A healing culture
  • Rennie and I just returned from a visit to the International Masters in Health Leadership (IMHL) program at McGill, where we did a presentation on many of the themes of this blog. One of the participants said something that struck me about the potential of expressive change taking root in hospital settings. He said that it seems the closer you are to the patient’s bedside, the more autonomy you have and the more you are able to live out the deep values of healing and caregiving. The further out you go, the more instrumental you become.

    So if this is true, perhaps a practice that would help nurture expressive change in a hospital setting would be to have as many people engaging with patients as possible, not just the nurses, doctors and aides. How might the accountants, janitors and administrators spend more meaningful time with patients? How might doing this heighten their ability to participate in and receive the gifts the hospital has to offer? And what if we thought more creatively about how to increase the time that doctors and patients spend together. The bedside time seems to be dwindling due to cost-cutting measures, but maybe we can re-think hospital spaces and rhythms in a way that allows doctors to interact informally with patients who are not in their direct care.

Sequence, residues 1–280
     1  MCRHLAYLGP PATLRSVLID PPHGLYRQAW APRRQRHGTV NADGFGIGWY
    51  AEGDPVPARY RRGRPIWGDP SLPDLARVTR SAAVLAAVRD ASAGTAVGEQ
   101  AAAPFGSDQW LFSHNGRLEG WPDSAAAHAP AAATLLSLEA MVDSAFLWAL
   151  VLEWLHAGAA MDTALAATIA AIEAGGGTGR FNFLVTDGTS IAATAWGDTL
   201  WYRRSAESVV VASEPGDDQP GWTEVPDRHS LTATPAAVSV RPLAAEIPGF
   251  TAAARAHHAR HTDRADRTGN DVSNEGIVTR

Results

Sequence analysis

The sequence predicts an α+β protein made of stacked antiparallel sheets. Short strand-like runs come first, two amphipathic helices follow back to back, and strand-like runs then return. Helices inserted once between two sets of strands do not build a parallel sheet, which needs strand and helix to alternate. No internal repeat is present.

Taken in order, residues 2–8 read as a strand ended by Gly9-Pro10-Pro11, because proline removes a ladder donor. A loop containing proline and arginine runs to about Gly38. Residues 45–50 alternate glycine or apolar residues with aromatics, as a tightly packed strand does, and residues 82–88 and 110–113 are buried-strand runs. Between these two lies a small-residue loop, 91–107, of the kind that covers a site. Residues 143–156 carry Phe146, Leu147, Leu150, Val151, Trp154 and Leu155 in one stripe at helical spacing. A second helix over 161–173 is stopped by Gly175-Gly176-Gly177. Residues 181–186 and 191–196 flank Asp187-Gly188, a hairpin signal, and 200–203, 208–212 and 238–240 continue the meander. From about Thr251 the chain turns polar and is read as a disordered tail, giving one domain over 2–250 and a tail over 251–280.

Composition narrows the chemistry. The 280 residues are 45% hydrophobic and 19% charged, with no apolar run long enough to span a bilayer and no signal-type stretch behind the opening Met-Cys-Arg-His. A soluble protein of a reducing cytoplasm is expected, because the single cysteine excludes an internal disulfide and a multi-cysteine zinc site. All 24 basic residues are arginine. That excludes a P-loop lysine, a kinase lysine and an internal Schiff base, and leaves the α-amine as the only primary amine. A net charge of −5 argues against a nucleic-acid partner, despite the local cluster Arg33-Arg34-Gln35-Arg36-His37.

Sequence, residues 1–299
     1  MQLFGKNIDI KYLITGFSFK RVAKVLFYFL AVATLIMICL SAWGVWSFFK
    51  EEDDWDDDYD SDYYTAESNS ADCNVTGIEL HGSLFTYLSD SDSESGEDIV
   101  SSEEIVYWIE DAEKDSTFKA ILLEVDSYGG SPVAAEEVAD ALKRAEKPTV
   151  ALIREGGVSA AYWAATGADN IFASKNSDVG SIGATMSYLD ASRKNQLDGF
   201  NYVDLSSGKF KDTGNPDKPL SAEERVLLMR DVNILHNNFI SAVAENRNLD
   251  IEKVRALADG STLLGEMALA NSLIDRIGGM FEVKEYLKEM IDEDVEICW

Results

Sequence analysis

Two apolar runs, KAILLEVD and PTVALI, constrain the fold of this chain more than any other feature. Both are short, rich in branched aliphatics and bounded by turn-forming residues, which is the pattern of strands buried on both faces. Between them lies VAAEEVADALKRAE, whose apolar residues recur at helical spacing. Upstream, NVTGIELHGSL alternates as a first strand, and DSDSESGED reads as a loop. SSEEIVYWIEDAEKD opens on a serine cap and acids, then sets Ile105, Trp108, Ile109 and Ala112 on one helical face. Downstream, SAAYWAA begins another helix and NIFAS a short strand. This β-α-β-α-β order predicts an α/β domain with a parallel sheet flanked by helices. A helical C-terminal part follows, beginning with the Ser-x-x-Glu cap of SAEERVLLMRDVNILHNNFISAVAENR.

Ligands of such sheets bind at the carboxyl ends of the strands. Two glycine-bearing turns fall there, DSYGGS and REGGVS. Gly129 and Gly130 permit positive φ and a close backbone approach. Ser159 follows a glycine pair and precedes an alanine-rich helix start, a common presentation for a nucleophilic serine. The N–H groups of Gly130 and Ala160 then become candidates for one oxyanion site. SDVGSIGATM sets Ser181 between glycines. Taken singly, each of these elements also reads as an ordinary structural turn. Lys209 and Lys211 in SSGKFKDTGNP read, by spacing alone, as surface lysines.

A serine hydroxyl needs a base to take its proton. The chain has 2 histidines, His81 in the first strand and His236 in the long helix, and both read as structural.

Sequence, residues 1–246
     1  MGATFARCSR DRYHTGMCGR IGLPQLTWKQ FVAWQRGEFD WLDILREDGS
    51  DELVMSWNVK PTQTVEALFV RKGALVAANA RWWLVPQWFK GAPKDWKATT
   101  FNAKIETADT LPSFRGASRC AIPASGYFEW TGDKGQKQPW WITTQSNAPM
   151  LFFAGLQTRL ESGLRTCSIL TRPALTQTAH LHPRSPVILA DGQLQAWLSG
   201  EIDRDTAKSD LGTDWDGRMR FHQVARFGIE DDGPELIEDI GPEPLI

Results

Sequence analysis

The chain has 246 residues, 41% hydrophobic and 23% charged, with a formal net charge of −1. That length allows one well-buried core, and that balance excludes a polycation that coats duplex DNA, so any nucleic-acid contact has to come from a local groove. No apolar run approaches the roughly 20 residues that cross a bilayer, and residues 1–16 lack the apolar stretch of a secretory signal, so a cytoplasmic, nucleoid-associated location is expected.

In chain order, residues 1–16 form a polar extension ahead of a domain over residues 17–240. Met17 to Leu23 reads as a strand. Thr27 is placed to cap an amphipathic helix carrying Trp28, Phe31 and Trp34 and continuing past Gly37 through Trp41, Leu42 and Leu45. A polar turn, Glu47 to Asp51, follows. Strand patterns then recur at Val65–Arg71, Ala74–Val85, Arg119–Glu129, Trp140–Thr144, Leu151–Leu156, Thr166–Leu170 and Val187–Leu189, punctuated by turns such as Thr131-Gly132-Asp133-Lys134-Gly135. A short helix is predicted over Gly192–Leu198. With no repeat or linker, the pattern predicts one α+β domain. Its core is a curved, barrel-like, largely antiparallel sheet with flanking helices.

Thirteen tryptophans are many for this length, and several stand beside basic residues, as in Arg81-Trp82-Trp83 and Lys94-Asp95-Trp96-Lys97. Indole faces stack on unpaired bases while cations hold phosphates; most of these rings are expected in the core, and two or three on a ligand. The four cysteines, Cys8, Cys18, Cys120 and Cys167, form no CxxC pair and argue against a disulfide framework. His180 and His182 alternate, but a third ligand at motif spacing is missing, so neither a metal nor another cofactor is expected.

March 2nd, 2010 | Tana Paddock | 6 Comments

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  • Megan Webster 03.02.2010

    It strikes me that this is also the case in school settings. The more people interact with students, and thus feel personally connected to the human mission of the school’s project, the deeper the learning is for everyone connected to the organization. One of the great privileges of working in a small school is knowing that the comptroller, the administrative assistants, and the buildings and grounds coordinators are all invested in the mission of the school – because the mission is not abstract, it’s Stephanie, Hamish, David… The more connected you are to students, regardless of your role in the organization, the more “you are able to live out deep values” associated with education.